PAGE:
The sculpted fountain of the memorial blended art nouveau and gothic styles, and was built into the wall of Marlborough House. It was officially unveiled on 8 June 1932, which was announced as Alexandra Rose Day. It depicts three figures representing Faith, Hope, and Charity who are helping a maiden move across the stream of life. Gilbert was knighted the day afterwards and was also readmitted into the Royal Academy. His return to favour was complete.[1]

Personal life[edit]

Alfred Gilbert in his studio
Gilbert photographed in his Fulham Road studio, circa 1889

On 3 January 1876, Gilbert eloped to Paris with his first cousin, Alice Jane Gilbert (1847–1916), and they were married the same day. They had five children, namely George (born 9 May 1876), Mary (born 1877), Francis (born 1879), Alfredo (born 1880) and Charlotte Emily (born 1881).[1] Charlotte was to become a notable suffragette under the name Caprina Fahey.[23]

Gilbert's wife Alice had a breakdown soon after the official opening of the Shaftesbury Memorial Fountain in 1893 and spent time in a mental asylum. The family left England again in 1901 and settled in Bruges. The marriage broke down in 1904 and Alice was hospitalised again. She died in 1916.[24] Gilbert remarried in 1918 with his housekeeper Stéphanie Quaghebeur, by which time he had already taken on responsibility for helping to raise her seven children from a previous marriage.[1][2]: 286  They had stopped living together by 1926, with Quaghebeur remaining in Belgium when Gilbert moved back to England again, although he sent her monthly cheques to support the family until his death.[2]: 306–307, 328  At the end of his life, Gilbert was romantically linked with Georgina Becket Terrell.[2]: 326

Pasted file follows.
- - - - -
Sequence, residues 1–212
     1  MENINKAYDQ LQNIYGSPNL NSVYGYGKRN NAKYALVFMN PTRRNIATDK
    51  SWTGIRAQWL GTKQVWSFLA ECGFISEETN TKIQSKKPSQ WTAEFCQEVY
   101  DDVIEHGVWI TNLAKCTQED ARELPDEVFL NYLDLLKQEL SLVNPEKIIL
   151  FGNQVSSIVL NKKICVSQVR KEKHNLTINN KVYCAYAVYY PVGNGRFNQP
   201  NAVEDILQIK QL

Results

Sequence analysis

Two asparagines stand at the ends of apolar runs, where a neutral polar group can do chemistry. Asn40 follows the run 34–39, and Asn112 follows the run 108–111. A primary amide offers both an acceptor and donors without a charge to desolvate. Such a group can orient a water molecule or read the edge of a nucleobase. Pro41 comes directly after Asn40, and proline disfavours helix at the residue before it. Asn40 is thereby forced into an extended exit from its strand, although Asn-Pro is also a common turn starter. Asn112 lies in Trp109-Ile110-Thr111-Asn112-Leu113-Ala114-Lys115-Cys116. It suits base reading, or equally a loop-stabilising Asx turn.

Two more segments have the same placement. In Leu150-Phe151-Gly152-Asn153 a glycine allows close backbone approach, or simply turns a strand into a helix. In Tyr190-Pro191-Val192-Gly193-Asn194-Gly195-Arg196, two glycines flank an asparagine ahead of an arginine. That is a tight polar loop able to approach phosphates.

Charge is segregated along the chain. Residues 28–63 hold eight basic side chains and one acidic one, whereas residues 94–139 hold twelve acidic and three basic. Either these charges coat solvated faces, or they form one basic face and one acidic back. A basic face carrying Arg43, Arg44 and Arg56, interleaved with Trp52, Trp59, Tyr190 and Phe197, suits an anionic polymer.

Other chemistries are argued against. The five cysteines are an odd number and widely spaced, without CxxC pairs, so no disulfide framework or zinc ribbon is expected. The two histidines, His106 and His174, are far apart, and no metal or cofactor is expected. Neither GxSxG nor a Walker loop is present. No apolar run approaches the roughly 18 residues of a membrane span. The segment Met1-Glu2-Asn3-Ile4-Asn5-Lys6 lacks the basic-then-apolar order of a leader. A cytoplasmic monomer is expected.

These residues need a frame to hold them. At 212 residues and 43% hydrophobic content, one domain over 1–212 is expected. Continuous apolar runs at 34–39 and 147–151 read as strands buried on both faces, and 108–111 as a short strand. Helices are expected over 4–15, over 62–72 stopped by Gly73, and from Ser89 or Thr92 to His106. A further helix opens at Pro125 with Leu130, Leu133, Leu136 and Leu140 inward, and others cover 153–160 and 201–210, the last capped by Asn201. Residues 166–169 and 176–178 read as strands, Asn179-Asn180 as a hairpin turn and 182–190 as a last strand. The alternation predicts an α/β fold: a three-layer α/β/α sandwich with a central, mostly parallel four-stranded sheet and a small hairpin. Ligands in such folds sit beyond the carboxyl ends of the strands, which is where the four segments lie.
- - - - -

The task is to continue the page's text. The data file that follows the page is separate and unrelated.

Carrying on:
Death and legacy[edit]

Gilbert died on 4 November 1934 at Cromwell Nursing Home in London. He had long been sick and refusing to eat.[2]: 331  He was then cremated. At the time of his death, Gilbert was one of the most well-known figures in English society and there were plans to make a film about him.[1] He was then disregarded for decades, until critic Richard Dorment published a biography of Gilbert in 1985, which was followed by a retrospective at the Royal Academy of Arts in 1986. Gilbert is now regarded as one of the foremost sculptors of the Victorian age.[1]

In 2017, a bust of Queen Victoria by Gilbert worth £1.2 million was subject to an export ban, having been sold at Sotheby's to a museum based in New York. Eventually, the Fitzwilliam Museum in Cambridge raised the funds to pay £1.01 million to keep the bust in the UK. The work of art was deemed to meet all three of the Waverley Criteria, namely that it was of national artistic importance, it was of outstanding aesthetic value and it was vital for the study of sculpture. The sum was raised through donations and a £267,600 grant from the National Heritage Memorial Fund (NHMF).[25][26]